I think that one obvious advantage to the polling process would be that it provides a solid read to candidates or elected leaders on the pulse of the public on specific issues. Polling enables the candidate or leader to not be trapped in a vaccum, in which they are absent- minded of what the public feels on a particular issue or idea. Polling is a way in which popular sovereignty is evident in that the voice of the people in the political process can be heard. At the same time, the divulging of polling information enables a larger discussion to be had about why the public feels the way they do and that reflects a discussion about the nature of democratic sensibilities, something intrinsically good.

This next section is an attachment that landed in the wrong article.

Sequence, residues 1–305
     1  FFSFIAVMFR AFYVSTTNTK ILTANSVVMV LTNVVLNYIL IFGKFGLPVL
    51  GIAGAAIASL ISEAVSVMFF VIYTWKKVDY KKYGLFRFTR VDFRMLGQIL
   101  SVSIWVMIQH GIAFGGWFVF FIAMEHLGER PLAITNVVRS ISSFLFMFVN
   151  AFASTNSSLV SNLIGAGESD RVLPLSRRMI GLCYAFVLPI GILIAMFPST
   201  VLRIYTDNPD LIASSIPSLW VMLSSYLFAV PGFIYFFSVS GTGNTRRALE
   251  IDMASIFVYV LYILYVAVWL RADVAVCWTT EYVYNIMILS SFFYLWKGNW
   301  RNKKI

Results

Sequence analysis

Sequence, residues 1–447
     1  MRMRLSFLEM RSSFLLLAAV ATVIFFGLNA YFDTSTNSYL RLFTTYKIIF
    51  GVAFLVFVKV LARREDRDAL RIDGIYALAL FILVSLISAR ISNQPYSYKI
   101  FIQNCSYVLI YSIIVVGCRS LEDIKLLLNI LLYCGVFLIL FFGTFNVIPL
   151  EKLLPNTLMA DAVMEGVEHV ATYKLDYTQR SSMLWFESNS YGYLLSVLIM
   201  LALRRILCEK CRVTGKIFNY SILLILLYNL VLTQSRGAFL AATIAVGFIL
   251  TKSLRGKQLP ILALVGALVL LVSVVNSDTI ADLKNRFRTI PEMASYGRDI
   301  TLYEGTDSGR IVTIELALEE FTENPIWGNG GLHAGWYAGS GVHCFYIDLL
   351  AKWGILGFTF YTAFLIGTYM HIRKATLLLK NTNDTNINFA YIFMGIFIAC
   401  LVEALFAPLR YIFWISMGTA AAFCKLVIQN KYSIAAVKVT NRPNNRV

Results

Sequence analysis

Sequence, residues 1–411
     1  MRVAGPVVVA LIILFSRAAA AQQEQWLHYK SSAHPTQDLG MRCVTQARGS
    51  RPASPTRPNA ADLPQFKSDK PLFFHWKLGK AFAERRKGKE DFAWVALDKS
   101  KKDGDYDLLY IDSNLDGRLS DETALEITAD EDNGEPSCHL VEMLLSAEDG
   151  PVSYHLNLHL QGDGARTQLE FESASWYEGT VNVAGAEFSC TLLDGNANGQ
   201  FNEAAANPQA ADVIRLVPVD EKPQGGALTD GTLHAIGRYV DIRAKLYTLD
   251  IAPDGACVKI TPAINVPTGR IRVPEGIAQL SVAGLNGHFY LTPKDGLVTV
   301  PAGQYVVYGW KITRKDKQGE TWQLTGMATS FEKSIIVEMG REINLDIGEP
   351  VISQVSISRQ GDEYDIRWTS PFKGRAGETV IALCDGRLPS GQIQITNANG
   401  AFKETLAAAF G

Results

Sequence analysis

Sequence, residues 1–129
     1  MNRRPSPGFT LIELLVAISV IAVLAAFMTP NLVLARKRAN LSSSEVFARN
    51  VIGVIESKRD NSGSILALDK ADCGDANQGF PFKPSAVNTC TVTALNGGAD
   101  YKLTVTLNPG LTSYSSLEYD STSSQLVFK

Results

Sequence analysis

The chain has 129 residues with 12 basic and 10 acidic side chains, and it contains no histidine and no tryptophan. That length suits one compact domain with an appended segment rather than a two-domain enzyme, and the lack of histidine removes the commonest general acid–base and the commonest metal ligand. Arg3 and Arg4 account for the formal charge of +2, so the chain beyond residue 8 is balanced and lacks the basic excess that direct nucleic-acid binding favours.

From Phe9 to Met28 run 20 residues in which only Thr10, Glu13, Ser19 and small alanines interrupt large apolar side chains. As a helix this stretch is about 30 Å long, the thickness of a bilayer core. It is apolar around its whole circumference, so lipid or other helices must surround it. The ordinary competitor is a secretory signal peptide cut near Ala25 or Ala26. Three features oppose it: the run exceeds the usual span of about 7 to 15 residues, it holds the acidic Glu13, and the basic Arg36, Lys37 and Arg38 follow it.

The disadvantage of polling as far as I see it is two fold. On one hand, the polling science is not exact. Margin of error, conflicting sample populations, and the general temperament of people to change their minds are all elements that can change polls. There is not an exactitude to polling. It is a sample look at a general feeling. Yet, there is a tendency to deify the polls and live and perish by them. The idea of being hung up on two percentage points cannot be a fulfilment of the democratic process. At the same time, when elected leaders and candidates become victims to the polling process, something already inexact, discourse is not increased, but rather curtailed. If a leader or candidate refuses to do something because "the polling on the issue" does not look good, problems emerge. Finally, I would say that media deification of the polling process, again something inexact, creates even more challenge. Consider the exit polling process of Election Night 2000 in the state of Florida. Exit polling was revealed to be inexact when networks flip- flopped their call on the state of Florida based on exit polling. In this, I think that some significant questions can be raised about polling as used in the modern political setting.